The Federal Courts Follow Suit

The United States Court of Appeals for the Fifth Circuit, sitting in New Orleans, decided two cases under Texas law in 2000 and had to struggle to reach the same results as the Texas state courts did last year, but they got there. See Mid-Continent Casualty Co. v Chevron Pipe Line Co., 205 F3d 222 (5th Cir 2000), and Mid-Continent Casualty Co. v Swift Energy Co., 206 F3d 487 (5th Cir 2000). As in Admiral and McCarthy Bros., these cases involved the CG 20 10 AI endorsement, and in each case the court found that the employment relationship between the named insured and the injured plaintiff suing the additional insured satisfied the condition for AI coverage.

The two panels of the court managed to engage in lengthy detours, however, on the way to the right conclusion. The first panel perceived a significant distinction between the November 1985 edition of CG 20 10's use of the term "your work" and the later versions' (October 1993 and March 1997) use of "your ongoing operations." The court therefore hesitated to apply the precedent interpreting the more recent versions of CG 20 10 (Granite and Admiral) to the case before it, which involved the November 1985 version. However, noting that McCarthy Bros. involved the November 1985 version of CG 20 10, the court overcame its hesitancy and ruled in favor of AI coverage.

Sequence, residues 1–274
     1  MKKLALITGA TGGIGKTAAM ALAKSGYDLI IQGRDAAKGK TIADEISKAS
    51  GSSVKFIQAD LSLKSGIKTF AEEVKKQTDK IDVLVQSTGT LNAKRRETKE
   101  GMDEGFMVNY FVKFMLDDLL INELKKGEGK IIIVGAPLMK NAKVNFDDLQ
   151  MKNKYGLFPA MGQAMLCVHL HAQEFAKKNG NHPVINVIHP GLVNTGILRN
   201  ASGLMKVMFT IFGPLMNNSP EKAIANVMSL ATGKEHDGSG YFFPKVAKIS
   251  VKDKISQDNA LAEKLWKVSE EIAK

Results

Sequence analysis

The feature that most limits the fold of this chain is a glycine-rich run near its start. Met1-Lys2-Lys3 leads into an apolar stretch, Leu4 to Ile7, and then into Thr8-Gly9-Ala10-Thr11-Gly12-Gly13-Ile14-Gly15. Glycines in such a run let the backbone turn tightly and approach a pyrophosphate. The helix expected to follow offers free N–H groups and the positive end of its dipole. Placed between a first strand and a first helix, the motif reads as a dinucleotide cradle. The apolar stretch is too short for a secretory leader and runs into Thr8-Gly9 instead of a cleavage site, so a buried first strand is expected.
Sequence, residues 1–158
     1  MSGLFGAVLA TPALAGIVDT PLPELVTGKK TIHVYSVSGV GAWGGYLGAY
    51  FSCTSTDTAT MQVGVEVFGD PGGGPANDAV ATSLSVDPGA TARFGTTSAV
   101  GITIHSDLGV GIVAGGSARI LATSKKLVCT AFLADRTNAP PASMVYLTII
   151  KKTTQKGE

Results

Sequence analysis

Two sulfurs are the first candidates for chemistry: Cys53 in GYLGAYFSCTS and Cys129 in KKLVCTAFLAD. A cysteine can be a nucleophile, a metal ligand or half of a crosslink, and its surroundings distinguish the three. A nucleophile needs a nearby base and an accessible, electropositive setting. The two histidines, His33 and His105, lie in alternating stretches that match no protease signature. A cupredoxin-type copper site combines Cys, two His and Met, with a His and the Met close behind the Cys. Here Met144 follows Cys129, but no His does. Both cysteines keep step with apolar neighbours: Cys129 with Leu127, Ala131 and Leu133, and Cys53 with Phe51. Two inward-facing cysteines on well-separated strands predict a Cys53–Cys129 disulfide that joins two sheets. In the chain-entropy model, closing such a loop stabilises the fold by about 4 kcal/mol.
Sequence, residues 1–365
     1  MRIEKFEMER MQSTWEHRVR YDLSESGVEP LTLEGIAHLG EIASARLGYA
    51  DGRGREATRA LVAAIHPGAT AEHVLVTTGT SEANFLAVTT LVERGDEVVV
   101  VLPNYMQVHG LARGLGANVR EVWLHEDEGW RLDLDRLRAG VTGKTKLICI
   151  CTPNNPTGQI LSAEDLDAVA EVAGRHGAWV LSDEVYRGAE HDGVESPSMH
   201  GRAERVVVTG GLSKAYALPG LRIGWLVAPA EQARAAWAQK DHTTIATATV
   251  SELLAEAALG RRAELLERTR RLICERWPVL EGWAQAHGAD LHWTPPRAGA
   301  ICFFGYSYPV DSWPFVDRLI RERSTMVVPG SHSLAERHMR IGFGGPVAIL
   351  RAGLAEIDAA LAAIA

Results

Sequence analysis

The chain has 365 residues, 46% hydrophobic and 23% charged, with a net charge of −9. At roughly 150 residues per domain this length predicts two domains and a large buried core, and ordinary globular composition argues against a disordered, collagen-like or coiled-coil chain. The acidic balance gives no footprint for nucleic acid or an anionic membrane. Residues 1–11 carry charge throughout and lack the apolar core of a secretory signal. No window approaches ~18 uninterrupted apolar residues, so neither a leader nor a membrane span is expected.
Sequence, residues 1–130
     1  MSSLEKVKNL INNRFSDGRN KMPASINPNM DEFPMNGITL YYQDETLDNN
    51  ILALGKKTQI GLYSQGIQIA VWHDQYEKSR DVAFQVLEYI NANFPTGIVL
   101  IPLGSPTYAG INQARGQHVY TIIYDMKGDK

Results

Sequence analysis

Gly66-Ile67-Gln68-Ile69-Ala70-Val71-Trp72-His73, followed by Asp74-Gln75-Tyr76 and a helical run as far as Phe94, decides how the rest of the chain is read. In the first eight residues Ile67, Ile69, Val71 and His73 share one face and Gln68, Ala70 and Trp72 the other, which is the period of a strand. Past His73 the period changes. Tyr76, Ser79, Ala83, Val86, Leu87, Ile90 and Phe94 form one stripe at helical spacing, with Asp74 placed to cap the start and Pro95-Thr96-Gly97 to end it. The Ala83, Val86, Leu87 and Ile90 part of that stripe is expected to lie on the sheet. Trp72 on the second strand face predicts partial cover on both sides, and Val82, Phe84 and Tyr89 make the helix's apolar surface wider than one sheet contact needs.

The court need not have been detained by this distinction, however, because the CGL coverage form's definition of "your work" renders the two terms synonymous. The coverage form defines "your work" as "work or operations performed by you or on your behalf." The court did not discuss this definition (apparently, counsel failed to cite it to the court). The only purpose in changing the "your work" language of the November 1985 version of CG 20 10 to "your ongoing operations" in the later versions is that ISO intended to clarify that AI coverage does not extend to completed operations losses. But that distinction was irrelevant to the Chevron Pipe Line Co. case.